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    • Oh, of course. I didn’t mean to take credit from her by saying she ‘lucked’ into it but by saying she won without saying that it was because of Little and Miller’s mistakes would be like saying Great Britain didn’t get crazy lucky that Russia had so many falls last year. That’s why I said she did a great job taking advantage of those mistakes…which she totally did. She had to be fully on her game and at her best and didn’t just casually walk into a win situation. But that said, the selection is made on multiple factors, not just one meet, and internationally Mizzen didn’t score anywhere near as well for hit routines, which is something they have to take into account. Home scoring is always a little bit higher than international, and while Little and Miller have proven internationally that they can make finals, Mizzen hasn’t yet which is why she’d be a risk. I think it’d be good for her to go to get the experience that will take her into the next quad, but I don’t think she’s a straight up easy choice based on one domestic meet.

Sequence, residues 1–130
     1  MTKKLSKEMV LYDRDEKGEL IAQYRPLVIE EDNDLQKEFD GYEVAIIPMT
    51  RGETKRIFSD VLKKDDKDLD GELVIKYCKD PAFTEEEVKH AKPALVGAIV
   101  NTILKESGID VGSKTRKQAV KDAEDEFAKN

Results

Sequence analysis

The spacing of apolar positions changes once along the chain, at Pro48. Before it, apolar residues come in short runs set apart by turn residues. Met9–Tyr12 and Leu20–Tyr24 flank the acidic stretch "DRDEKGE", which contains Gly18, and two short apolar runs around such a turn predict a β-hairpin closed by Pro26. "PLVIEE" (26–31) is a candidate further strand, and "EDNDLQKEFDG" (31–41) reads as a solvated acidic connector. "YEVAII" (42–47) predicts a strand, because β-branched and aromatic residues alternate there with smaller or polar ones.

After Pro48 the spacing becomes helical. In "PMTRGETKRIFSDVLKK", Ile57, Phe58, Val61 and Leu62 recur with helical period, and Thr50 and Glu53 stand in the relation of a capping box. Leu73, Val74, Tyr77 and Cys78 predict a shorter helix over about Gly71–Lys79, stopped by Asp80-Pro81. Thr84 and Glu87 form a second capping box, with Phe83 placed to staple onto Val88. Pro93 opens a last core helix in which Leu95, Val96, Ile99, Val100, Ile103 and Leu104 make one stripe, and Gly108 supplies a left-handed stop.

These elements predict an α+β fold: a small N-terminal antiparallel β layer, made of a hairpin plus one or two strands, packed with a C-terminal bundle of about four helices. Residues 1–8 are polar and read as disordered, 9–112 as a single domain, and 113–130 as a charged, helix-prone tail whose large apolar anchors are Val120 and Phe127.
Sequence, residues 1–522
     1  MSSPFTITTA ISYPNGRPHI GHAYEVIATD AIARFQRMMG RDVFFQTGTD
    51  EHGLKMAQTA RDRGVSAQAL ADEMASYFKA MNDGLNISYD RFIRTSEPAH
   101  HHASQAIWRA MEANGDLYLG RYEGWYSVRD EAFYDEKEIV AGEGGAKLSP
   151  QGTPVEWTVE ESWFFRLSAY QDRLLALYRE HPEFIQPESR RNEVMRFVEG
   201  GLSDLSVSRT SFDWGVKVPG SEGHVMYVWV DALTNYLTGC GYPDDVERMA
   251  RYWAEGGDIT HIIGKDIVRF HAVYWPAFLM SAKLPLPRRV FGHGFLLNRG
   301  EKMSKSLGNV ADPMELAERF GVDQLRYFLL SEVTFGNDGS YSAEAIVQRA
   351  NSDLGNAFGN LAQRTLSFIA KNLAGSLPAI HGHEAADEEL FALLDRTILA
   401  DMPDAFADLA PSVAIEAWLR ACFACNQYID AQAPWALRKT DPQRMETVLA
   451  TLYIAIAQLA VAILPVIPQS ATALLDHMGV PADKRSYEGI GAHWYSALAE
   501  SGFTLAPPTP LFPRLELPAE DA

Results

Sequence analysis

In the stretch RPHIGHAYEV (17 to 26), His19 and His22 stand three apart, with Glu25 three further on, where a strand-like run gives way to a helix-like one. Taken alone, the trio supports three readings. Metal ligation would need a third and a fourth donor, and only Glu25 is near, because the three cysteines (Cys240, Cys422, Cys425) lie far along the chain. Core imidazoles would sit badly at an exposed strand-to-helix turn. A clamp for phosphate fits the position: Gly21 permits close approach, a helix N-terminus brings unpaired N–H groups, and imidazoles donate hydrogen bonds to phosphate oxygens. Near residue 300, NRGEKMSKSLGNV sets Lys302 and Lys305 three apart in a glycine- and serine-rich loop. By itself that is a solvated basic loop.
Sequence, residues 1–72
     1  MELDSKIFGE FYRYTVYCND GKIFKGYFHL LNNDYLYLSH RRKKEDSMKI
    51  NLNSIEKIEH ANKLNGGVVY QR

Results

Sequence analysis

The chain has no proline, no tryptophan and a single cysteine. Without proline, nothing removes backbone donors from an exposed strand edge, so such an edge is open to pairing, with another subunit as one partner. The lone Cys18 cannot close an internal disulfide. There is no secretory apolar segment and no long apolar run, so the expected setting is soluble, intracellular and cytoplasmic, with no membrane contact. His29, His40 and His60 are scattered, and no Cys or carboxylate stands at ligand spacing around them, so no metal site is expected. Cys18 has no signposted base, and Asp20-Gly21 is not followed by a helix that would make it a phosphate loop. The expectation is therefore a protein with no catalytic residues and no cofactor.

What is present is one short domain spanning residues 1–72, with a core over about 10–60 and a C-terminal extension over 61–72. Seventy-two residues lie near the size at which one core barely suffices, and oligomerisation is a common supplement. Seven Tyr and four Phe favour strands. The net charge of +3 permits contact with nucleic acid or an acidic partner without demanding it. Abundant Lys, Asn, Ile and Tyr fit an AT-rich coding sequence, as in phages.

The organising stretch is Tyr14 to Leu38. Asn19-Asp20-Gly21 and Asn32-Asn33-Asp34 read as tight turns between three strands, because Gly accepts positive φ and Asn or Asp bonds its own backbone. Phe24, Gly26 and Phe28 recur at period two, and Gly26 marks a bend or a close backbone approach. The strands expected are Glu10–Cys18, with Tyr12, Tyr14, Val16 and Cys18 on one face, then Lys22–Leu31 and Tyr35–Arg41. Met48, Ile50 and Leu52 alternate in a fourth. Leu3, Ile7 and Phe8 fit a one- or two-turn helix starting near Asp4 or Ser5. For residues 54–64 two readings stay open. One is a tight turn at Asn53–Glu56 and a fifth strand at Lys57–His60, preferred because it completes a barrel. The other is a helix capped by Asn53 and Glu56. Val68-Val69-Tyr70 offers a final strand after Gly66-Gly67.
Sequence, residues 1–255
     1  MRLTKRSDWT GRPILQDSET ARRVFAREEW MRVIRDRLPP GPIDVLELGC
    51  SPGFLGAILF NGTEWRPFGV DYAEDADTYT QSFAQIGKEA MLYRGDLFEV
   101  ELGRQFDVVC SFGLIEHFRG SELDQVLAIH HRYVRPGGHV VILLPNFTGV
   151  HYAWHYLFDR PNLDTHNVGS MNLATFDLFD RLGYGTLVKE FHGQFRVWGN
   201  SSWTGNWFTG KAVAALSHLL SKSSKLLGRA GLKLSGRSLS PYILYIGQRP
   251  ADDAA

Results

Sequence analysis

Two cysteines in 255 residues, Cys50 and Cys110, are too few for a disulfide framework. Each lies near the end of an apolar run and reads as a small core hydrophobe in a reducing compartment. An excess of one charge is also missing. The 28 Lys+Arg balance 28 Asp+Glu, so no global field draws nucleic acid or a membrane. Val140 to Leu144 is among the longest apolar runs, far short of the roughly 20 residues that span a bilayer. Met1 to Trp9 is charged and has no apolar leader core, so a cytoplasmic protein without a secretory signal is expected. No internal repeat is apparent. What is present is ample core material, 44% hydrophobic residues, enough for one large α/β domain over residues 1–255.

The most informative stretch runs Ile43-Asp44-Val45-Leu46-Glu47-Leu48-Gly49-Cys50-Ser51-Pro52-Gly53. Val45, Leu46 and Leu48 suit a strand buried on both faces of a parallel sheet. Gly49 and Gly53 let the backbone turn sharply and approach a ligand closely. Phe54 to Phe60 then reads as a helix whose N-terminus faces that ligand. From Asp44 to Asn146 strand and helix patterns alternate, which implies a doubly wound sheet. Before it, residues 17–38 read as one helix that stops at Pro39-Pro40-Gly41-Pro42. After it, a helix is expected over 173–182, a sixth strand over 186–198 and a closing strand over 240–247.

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    • One reason to not send her is the lack of a track record of being a a big event as the only representative for your country. I’d hate to see her go, have a rough time, maybe even get injured as she pushes to be her best. The best interests of the team are having her continue at this level and beyond until 2020, ideally helping them qualify a full team next olympics.

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  2. Australia’s funding is also heavily reliant on winning medals and having world class finishes in all Olympic sports. i think Australia stands a much better chance at event finals rather than AA, andthe gymnast they send, I think, will be more someone they see has a legit shot at a medal rather than someone who’s there for the experience.